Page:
TDU Stage 3 Rider Analysis: climbing the Corkscrew

Todays Plan


We continue the data analysis series by Mark Fenner with a report on the performance of Chris Hamilton in stage three of the Santos Tour Down Under, a race that featured the imposing climb of Corkscrew Road… and, of course some manic approach along Gorge Road.


– By Mark Fenner


To be in with a chance of climbing with the very best riders in the world, everything has to come together and the run into ‘The Corkscrew’ at the TDU is one of the determining factors of the race.

In this analysis we follow Chris Hamilton, the current Australian U23 National Champion and delve into his race file. In doing so, we will focus on the lead into the climb and then ‘The Corkscrew’ itself.

The important thing here is the positioning going into the base of the climb. The lead into the base of the corkscrew determines who has the best position initially and can then respond to efforts and attacks from others later in the climb. This run in is notorious and we can see the pace and length of this effort in the race to the base of the climb in the segment below.




These efforts represent between 450-800 watts for a rider who weighs 60kg just to hold position in this peloton! This sort of effort resembles a criterium race power profile and this is before Chris has to try and ride the climb with the others. This 22km segment of the race was completed at a staggering 51.5km/h for 22 minutes.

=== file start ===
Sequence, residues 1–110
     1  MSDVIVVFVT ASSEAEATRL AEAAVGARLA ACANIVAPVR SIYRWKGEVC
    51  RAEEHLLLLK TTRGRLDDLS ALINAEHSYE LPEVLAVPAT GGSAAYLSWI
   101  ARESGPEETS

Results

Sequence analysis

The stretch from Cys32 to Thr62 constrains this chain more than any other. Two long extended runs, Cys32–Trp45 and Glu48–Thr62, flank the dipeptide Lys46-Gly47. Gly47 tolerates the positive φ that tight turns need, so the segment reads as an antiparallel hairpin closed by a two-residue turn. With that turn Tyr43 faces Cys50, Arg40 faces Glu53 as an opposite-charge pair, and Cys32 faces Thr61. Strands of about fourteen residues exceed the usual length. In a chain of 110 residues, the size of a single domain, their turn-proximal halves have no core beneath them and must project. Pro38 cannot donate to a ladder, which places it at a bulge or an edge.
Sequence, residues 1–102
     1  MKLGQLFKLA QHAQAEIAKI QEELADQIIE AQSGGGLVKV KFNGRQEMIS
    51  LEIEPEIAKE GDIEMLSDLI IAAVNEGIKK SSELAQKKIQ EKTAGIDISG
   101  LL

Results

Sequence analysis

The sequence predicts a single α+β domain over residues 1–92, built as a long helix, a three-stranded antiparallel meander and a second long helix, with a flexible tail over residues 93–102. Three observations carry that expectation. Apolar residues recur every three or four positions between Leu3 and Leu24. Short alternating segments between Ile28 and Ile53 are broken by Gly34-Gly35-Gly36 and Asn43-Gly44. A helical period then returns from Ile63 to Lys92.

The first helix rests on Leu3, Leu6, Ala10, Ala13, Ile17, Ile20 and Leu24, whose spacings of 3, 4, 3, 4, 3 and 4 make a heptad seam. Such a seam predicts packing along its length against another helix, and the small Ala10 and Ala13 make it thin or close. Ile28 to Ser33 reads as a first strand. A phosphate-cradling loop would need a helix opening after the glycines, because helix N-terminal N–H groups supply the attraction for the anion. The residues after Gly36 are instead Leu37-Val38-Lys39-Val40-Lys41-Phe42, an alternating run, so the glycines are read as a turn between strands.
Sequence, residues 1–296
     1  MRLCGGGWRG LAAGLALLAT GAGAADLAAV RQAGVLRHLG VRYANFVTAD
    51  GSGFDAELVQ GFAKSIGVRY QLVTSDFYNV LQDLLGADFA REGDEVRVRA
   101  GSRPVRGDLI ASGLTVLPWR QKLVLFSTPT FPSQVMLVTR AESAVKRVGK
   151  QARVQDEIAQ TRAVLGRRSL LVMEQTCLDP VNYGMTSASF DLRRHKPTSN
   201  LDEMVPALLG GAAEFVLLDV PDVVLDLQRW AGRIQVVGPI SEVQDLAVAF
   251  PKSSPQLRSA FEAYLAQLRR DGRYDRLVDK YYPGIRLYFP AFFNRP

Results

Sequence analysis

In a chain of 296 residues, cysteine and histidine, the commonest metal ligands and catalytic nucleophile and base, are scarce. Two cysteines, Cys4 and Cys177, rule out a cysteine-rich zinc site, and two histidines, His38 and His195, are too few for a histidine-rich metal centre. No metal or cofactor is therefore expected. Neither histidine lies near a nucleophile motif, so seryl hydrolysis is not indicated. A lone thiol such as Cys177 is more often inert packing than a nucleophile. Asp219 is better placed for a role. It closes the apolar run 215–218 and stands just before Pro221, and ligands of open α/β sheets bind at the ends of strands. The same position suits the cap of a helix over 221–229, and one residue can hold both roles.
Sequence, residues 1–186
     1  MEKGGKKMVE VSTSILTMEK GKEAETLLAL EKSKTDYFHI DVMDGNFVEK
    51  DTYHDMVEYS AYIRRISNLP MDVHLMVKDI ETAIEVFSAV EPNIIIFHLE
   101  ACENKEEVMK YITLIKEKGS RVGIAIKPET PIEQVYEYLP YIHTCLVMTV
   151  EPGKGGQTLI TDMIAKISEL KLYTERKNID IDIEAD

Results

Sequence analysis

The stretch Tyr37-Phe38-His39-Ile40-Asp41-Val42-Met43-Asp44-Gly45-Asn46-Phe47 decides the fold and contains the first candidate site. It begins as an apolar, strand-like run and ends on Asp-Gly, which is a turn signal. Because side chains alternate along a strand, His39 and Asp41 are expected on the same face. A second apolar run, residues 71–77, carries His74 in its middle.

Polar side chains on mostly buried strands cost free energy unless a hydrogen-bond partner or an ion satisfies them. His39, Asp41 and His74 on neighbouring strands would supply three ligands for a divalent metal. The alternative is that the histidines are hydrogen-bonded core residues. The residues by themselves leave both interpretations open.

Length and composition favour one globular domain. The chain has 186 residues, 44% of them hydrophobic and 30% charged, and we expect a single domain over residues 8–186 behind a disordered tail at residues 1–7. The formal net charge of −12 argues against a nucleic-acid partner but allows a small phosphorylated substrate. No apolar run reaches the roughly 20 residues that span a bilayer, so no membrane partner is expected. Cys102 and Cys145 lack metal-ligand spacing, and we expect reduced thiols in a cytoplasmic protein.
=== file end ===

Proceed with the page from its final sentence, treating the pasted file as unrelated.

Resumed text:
It represented 90% of Chris’s current threshold ­ all before the climb starts.

Unfortunately Chris didn’t have the best position going into the base of the Corkscrew and this meant that a huge effort had to be given to move up and get onto the back of the lead group on the road.




The effort up the Corkscrew was massive and remember that this is after a 22 minute 90% + effort made up of huge anaerobic repeats.

The base of the climb was where Chris had to move up and this is represented by a 1km effort above 120% of his current threshold power.

There is a huge spike effort here of well over 800 watts. This early effort on the climb cost Chris and it would have been interesting to see this effort at the end of the climb if Chris had better positioning early on.

You can see after this massive early effort with spikes of between 1,0­12 w/kg the Chris needed some small recovery to regroup and recover for the final two-thirds of the climb. Recovery here for Chris is still around threshold, but, small micro recoveries allow him to then push on as the real contenders start to animate the race.

The final third of the graph shows more huge efforts, you can clearly see where Richie Porte attacks and Chris tries to maintain contact with the lead group on the road.

As riders start the get dropped Chris maintains 110­-120% of his current threshold on the climb and moves up to a small group just off the back of the Porte group. The final effort on the climb moved Chris onto the back of a small group of riders who crested about 20 seconds behind the lead group of riders.

Below is the breakdown of the actual numbers required for the lead in and final climb, they are world class figures showing the talented physiology of Chris Hamilton.



The magic number of 7w/kg shows what a massive engine Chris has, but, the early effort to move up and into position cost Chris when the real players came out on ‘The Corkscrew’.

It was still a very impressive ride and this short segment shows just what is needed to perform at the best level in the World and how strategic the leading teams & riders need to be.


– By Mark Fenner


Author: rob@ride

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